WASHINGTON — Snitches, moles, spies, whistleblowers. Government informants are an age-old investigative tool that's as much a part of the FBI's 110 years of history as J. Edgar Hoover or its Ten Most Wanted Fugitives list.
In the case of President Donald Trump, the FBI called on a longtime informant — identified by several news outlets as an American professor living in Britain — to ascertain whether Trump's campaign aides accepted help from the Russian government to sink Hillary Clinton's presidential ambitions. That jury is still out, with a special counsel appointed to investigate.
In the meantime, Trump and closely aligned Republicans in Congress have flipped the tables on the politically damaging Russia probe by calling for a new investigation — this time into whether the FBI spied on his presidential campaign in its own bid to sway the 2016 election.
"Follow the money!" Trump declared in a tweet late Monday, using an expression his critics use to discuss the Russia probe.
"He was only there to spy for political reasons and to help Crooked Hillary win," Trump later added.
CRAZY? MAYBE NOT.
The FBI has successfully investigated big-city mobsters, the Ku Klux Klan and domestic terrorists. But it has also probed the work of Rev. Martin Luther King Jr., Malcolm X and the Beatles' John Lennon.
Claiming that the civil rights movement was under communist influence and a threat to national security, Hoover's FBI closely monitored King and others with surveillance, informants and wiretaps. At one point, the head of the FBI's intelligence operations told a congressional committee that King was subjected to the same tactics as Soviet agents and, "No holds were barred."
The secret recording campaign failed to prove that King was a communist, but it did provide evidence of the civil rights leader's extramarital affairs — information that could have been used by his political opponents in government.
Since Hoover's death, the FBI has enacted several reforms including 10-year term limits on its director and new rules about domestic investigations intended in part to insulate the agency from politics.
HAVING SAID THAT ...
The mere existence of a government informant in an investigation doesn't mean a probe is tainted. It's a legal and widely accepted practice that's hardly a secret. And Trump's accusation that the FBI "planted" a source on his campaign doesn't stand up to scrutiny.
The agency itself addresses the practice on its
Informants "may receive compensation in some instances for their information and expenses," the FBI writes, but they aren't considered employees.
The agency seemed acutely aware of the political pitfalls of investigating Trump's campaign, keeping it under wraps in its early stages and, according to reports, sending a longtime source to question lower level aides.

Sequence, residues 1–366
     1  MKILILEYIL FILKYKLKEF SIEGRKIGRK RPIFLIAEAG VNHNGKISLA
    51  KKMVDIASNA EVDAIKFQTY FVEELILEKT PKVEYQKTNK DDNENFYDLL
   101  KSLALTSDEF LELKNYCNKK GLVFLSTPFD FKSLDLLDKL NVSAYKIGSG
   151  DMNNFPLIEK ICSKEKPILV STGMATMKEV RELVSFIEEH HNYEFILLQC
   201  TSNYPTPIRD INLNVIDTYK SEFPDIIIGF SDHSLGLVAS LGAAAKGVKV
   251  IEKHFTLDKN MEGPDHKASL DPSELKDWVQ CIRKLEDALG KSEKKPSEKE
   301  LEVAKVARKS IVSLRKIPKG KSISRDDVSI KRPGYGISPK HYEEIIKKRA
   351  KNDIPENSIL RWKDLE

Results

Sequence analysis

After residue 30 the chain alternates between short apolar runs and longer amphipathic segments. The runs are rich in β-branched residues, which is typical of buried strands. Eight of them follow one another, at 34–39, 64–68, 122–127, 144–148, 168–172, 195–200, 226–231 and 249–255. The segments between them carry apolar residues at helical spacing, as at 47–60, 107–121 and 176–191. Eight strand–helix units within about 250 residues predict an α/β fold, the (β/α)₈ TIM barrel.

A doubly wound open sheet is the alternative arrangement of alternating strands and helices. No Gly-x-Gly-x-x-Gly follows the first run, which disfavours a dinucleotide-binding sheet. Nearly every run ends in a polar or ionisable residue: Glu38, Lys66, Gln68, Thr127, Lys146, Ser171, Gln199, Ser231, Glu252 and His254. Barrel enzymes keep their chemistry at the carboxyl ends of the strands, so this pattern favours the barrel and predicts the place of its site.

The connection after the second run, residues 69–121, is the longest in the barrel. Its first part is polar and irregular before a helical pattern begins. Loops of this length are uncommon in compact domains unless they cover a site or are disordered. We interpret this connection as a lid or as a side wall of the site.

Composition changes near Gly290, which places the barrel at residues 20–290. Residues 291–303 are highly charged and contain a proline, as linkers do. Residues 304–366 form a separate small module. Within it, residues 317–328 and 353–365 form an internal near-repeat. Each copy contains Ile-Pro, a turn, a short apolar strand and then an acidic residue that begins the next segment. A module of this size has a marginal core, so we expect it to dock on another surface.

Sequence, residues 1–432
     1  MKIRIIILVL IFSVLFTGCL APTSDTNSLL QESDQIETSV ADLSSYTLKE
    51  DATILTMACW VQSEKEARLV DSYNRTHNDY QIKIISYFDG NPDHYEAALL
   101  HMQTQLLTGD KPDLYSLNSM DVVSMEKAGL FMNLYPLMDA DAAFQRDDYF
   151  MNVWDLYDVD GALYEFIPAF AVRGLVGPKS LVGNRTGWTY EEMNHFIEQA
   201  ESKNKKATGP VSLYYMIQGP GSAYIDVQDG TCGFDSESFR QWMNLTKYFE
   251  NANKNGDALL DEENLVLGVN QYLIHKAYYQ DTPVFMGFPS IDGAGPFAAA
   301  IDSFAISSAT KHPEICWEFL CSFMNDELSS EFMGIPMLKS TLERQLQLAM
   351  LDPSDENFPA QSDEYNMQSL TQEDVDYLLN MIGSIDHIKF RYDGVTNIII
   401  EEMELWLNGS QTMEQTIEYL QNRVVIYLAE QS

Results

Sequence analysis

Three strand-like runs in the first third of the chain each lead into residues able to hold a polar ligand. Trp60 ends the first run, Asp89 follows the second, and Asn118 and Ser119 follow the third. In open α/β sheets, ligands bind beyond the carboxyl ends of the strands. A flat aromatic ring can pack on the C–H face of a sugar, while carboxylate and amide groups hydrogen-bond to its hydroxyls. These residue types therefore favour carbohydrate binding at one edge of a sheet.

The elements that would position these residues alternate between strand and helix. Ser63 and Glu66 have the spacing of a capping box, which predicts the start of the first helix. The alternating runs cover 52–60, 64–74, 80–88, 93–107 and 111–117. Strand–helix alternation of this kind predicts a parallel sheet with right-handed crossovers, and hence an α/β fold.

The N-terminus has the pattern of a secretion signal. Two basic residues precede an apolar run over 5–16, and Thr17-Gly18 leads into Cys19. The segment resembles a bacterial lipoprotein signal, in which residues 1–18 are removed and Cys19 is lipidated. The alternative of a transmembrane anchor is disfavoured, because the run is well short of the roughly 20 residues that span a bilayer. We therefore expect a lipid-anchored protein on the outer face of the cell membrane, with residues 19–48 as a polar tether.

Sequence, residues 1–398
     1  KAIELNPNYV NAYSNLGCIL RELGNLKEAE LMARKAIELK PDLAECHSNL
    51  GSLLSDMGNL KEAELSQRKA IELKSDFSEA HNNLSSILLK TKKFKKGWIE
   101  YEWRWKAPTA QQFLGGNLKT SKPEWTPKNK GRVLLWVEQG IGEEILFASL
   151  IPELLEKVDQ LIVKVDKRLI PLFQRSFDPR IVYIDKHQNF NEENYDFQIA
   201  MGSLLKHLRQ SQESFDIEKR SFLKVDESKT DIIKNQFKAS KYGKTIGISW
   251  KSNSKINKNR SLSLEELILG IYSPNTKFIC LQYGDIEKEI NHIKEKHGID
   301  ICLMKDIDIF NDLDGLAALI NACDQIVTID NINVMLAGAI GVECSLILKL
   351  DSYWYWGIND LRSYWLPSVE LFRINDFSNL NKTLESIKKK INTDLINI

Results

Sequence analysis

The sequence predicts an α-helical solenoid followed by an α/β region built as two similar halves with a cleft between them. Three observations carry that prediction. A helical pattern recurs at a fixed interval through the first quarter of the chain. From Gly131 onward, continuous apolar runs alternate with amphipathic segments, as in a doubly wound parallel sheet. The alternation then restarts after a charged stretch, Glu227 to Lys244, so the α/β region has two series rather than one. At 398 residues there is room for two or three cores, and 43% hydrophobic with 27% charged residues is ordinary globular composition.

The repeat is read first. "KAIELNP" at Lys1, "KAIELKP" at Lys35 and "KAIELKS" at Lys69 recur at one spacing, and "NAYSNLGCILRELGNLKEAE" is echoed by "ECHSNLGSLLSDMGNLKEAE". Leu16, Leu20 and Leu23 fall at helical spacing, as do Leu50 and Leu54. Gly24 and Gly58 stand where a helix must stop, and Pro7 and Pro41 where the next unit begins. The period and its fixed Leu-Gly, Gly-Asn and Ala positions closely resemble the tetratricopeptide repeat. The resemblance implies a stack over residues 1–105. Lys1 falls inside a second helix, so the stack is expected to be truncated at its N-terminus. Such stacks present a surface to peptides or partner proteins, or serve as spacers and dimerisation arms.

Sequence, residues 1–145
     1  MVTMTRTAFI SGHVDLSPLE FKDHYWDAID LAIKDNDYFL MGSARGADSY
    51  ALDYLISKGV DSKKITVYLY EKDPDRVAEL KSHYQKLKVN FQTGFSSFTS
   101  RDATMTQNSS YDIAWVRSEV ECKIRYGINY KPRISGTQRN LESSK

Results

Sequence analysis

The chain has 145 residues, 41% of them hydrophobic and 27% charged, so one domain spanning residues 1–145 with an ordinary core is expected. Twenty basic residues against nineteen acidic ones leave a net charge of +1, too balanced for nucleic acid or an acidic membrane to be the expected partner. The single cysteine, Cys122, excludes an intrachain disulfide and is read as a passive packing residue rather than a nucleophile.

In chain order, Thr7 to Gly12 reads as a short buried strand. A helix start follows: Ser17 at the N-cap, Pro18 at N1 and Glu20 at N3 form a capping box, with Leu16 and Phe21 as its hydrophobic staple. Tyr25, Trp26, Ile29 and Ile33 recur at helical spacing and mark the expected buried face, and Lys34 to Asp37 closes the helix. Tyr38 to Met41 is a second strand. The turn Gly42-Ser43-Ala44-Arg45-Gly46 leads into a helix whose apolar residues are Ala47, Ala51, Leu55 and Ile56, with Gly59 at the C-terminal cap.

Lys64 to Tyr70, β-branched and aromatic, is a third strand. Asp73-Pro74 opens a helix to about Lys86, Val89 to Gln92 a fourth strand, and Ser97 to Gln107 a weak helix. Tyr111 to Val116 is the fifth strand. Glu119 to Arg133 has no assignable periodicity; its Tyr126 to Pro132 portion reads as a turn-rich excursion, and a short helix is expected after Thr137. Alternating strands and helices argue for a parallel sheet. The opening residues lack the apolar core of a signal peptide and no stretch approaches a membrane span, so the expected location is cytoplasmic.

THE FINE PRINT
While legal, employing an informant is tricky tradecraft. Government informants often have sketch dealings and their own agendas.
In the 1960s, it was New York mobster Joe Valachi who peeled back the inner workings of the crime families who employed him. In the 1980s, Henry Hill became the FBI's prized informant on the mob before disappearing into the Witness Protection Program, his life later portrayed in the film "Goodfellas."
According to news reports, the FBI informant on the Russia investigation was a longtime U.S. government insider tied to the 1980 "debategate" scandal in which aides to Ronald Reagan obtained documents Jimmy Carter was using to prepare for a presidential debate.
WHERE WE GO FROM HERE
In Trump's corner are several House Republicans who are demanding access to the FBI's closely guarded secrets in the Russia probe, including details on the FBI informant.
"Let's cut through the recalcitrant bureaucracy, get the truth, and hold people accountable!" tweeted GOP Rep. Ron DeSantis of Florida.
Top FBI and Justice Department officials have already agreed to meet with congressional leaders and "review" highly classified documents in the case. Also, Deputy Attorney General Rod Rosenstein said the Justice Department's inspector general will look into whether any surveillance was politically motivated.
But DeSantis and other Trump supporters, including Rep. Lee Zeldin of New York and Mark Meadows of North Carolina, are suggesting that might not be good enough. They want their own special counsel to investigate misconduct at the FBI and Justice Department under President Barack Obama — a tactic that would flip the political narrative back to Obama and Clinton and energize conservative voters ahead of this fall's midterm elections.
THE BOTTOM LINE
Conservative pundits say liberals would be outraged had the FBI put Obama's campaigns under surveillance. Liberal pundits counter that conservatives would be outraged if Clinton's campaign aides sought or accepted the help of the Russian government ahead of the election, and the FBI ignored it.
All of this puts pressure on special counsel Robert Mueller to conclude his investigation in what has become the most politically charged atmosphere in Washington in decades.
"Spying on campaigns is extraordinary. Mueller better have the goods," tweeted Ari Fleischer, the White House press secretary under President George W. Bush, on Tuesday.
Anne Flaherty, The Associated Press